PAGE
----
Encouragingly, a gaggle of New Zealand’s and Australia’s top players held a conference call on Wednesday morning to discuss a few of these concepts and the two players’ unions are talking.
Indications are everyone wants to play as much rugby as possible and the old antipathies have been quickly buried for the good of the game on both sides of the Tasman.
In amongst this the club competitions in NSW and Queensland will also get back up and running, which will give fans something to do and watch again sooner than anything of the professional nature.
Now we’re getting into crystal ball territory, because Clarke will not be able to start giving the 2021 competition structure too much of his time until the first two elements are dealt with and underway.
But, eventually, he will have to dust off the reports authored by consultants Shane Mattiske and Michael Tange, pick up the phone to Optus and see where everyone is at and what sort of broadcast deal can be put together for 2021 and beyond.
The damaged Foxtel relationship will have a shot at a refresh with the likeable and pragmatic Clarke back in the RA building and discussions about this year’s competition have already forced the parties back to the table. The imminent arrival of likely new chairman Hamish McLennan, a former Ten CEO and News Corp top executive, will also offer ample opportunities to reconnect.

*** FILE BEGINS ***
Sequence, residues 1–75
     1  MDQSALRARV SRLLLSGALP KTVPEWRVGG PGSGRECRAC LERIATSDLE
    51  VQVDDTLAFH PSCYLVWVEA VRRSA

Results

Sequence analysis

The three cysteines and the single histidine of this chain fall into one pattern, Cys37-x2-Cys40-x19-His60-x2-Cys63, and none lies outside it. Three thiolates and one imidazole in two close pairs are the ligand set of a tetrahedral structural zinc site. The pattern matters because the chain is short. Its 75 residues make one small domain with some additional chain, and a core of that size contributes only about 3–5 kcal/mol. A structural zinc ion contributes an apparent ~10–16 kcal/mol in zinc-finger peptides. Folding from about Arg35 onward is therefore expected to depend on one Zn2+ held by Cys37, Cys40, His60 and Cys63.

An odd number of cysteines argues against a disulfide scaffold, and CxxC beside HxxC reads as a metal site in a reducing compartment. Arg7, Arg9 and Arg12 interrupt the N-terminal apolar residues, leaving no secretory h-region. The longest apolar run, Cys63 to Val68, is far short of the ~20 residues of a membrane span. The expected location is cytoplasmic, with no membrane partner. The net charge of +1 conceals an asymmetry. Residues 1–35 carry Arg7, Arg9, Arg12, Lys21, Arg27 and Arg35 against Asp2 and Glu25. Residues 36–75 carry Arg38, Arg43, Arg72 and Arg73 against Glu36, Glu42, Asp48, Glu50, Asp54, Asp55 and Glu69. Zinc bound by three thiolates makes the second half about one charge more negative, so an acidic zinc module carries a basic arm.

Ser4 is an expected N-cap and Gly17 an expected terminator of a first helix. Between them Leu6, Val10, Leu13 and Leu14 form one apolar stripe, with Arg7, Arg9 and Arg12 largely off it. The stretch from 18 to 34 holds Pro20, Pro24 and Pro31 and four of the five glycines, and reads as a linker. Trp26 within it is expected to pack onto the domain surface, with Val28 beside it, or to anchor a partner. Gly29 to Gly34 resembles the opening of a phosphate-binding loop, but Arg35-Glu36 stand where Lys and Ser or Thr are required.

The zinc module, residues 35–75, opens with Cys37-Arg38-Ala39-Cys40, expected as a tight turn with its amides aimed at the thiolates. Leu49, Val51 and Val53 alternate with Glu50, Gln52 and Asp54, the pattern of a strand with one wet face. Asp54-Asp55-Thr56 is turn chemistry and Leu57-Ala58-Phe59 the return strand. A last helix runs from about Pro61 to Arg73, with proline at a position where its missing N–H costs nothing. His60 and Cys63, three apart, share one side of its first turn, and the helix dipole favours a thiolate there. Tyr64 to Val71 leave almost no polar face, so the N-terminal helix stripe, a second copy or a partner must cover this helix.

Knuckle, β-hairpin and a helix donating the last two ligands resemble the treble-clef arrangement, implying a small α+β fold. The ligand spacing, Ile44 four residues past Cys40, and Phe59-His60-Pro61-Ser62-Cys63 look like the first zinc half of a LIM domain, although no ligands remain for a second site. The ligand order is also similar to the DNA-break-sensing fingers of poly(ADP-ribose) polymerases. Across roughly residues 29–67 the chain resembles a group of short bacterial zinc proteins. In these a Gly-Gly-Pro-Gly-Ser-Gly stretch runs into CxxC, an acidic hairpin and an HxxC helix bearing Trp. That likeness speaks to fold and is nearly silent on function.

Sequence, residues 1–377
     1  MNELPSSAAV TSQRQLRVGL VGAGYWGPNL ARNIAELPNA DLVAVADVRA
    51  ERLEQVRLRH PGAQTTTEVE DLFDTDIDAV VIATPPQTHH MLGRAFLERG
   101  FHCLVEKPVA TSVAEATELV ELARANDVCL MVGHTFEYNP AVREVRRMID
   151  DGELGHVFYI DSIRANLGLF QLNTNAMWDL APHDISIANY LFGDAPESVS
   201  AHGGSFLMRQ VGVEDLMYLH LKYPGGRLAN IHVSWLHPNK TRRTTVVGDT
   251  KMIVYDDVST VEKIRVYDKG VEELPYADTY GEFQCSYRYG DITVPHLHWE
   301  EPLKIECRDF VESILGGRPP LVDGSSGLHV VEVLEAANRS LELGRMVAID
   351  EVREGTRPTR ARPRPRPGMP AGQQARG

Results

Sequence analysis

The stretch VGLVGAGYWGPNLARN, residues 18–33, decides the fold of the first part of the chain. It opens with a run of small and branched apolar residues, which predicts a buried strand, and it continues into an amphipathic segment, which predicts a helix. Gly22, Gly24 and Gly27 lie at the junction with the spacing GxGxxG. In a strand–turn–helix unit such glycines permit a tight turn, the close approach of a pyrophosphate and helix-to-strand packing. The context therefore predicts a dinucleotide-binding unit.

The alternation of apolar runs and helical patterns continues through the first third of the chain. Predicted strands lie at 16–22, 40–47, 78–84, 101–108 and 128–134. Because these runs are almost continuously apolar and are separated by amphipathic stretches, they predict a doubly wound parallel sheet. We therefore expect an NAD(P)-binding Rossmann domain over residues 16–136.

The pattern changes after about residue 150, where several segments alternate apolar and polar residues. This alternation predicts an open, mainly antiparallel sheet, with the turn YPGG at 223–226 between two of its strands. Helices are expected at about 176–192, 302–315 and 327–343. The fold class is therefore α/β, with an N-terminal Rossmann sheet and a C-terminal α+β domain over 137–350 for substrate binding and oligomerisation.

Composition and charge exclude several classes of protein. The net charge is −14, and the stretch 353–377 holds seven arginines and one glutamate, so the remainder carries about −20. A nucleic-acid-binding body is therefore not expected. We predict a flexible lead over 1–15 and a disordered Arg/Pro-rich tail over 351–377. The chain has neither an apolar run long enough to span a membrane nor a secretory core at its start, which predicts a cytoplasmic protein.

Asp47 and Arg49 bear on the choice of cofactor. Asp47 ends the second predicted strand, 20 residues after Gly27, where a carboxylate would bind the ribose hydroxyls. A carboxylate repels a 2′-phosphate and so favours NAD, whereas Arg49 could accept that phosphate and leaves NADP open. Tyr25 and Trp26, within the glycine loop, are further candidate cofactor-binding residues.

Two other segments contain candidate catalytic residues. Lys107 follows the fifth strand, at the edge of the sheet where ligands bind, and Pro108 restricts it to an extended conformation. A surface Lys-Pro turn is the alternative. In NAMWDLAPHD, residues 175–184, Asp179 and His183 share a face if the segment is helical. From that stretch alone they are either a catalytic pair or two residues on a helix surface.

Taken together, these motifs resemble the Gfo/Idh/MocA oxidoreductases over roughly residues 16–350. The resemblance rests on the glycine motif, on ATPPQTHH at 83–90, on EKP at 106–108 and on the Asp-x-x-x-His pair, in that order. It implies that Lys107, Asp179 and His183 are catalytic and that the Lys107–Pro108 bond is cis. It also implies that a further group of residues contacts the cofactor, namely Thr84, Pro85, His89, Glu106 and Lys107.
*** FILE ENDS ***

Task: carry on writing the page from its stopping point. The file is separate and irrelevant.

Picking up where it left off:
But Clarke made it clear on Wednesday he would not be putting the horse before the cart.
“First I’ll be working with the Super Rugby clubs and our Sanzaar partners to work out what the competition should look like next year,” he said. “Conversations with our broadcast partners will intersect with that at the appropriate time.”
All indications are that Optus may not be ready to restart discussions until midway through next year. Foxtel, meanwhile, under significant financial and debt pressures even before the coronavirus pandemic hit, is consumed by renegotiating its deal with the NRL.
Where rugby fits into the pecking order and at what price – rumours are rife rugby’s slice of the pie could be more than halved to A$10 million or A$15 million per year – is the big and existential question.